Bolivia - Wild Harvest Tranquilidad - 2018

Origin:  Bolivia

Region: Wild Harvest

Crop: 2018

Type: HCP Heirloom Tranquilidad

Certs: Direct Trade

Flavor Notes:

 The first thing you are going to notice about these beans is that they are tiny.  The average cocoa bean is 90-110 beans/100 grams.  These average 150-160 beans/100 grams.  What comes with that is a distinct density and concentration of flavor.  The chocolate aroma is bold and undeniably chocolate and cured leaf tobacco and sweet dark fruits. 

The flavor of the chocolate is also bold and carries that density of flavor I have come to associate with so many (all to date really) truly wild harvested beans, regardless of origin.  There is tamarind with its deep sweetness and tangy acidity.   Once you start to savor the chocolate and roll it around in your mouth you will note a solid backbone of bitterness and a virtually perfectly balanced astringency. 

The finish is long and sweet, redolent of dark dried fruits and a smooth, soft, lingering roasted cashew suppleness that goes on and on.  Least you not get the point, the flavor is bold, lingering, deep and satisfying.  It will be a chocolate I won’t keep around as I’m going to eat way too much of it.

 

 PRODUCER / COLLECTORS: Tranquilidad Natural Forest Estate of around 600 hectares is owned by Volker Lehmann and his family, as private enterprise. In over 15 years Volker Lehmann increased the Wild Harvest activities all over the Beni department on areas of the size of Germany, involving hundreds of mainly indigenous families and dozens of organizations. Since 2014, after receiving the HCP recognition for Tranquilidad, production is concentrated in Tranquilidad and neighboring collection areas between the villages of Huacaraje and Baures. All cacao is fermented and sundried at Tranquilidad fermentation and drying facility.

HARVEST & PEOPLE:

Harvest time in Tranquilidad is once a year between mid December to mid February. It could vary regarding the appearance of the rainy season starting in October and ending around end of May. The amount to harvest per tree varies also from year to year. In general the amount per tree is small as well as the pods and the beans, which are half the size of cultivated cacaos varieties. The cacao trees grow tall in its natural habitat and can reach 8 – 10 meters. People harvest the lower trunk by hand and use long sticks with a wire sling to get to the fruits in the upper parts. Sometimes they climb into the tree when there are many fruits, or they get eaten by monkeys and birds.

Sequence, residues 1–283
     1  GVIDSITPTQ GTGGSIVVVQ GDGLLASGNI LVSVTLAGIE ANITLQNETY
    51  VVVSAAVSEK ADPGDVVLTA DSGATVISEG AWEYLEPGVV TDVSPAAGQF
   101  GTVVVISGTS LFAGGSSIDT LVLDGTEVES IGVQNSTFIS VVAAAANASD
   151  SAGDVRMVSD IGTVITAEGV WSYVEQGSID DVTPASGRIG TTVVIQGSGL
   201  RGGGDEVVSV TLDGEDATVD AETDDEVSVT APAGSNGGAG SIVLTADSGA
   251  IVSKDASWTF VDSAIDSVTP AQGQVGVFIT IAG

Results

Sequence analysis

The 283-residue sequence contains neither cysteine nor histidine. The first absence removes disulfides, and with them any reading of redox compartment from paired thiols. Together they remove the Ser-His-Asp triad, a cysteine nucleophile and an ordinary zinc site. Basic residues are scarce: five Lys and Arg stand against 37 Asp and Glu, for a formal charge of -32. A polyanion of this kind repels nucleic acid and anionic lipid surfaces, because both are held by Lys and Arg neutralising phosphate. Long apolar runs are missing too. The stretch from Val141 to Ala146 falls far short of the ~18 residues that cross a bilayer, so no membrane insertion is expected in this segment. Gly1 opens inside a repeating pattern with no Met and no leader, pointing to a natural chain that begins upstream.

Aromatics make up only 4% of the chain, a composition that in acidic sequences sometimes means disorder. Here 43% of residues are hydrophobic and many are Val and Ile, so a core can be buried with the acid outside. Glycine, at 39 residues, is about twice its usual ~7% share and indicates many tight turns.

The people like to come early in the morning, when mosquitoes are still less active, to collect in small groups or by family and make piles of pods. After 2-3 hours they sit at the piles and open the pods placing the fresh beans in bags. Once full the bags hang on poles to collect the dripping juice that people love to drink right there and to sell some in the villages. After that, between noon and early afternoon, they bring the bags by foot or on bikes to the harvest center, where they  are weighed and payed directly by weight and quality. The price is generally agreed at the start of the harvest and varies if there are more or less to pick. People are free to sell to the best offer or take home.

The beans go then straight into special designed wooden fermentation boxes. The post harvest protocol was developed in 2003 and is mainly adapted to the size of the beans including slow sun drying.

 

The first thing you should do is read my Ask the Alchemist 239 where I discuss roasting smaller beans. 

After that, you can treat this bean pretty aggressively as there is tons of chocolate and fruit.  If you are drum roasting that means 10/8/6  F/min is just fine.  You want to pay attention to the aroma and reduce your ramps if you smell it trying to be acrid.  You will also stop the roast a little sooner than you might normally since the bean is smaller.  EOR 252-258 F seems to work well.

In the Behmor, P1 with 2.5 lbs of beans for 18 minutes is a good sweet spot.  If you are only roasting 2 lbs then pay attention to sharp aromas near the end of the roast and stop at that point.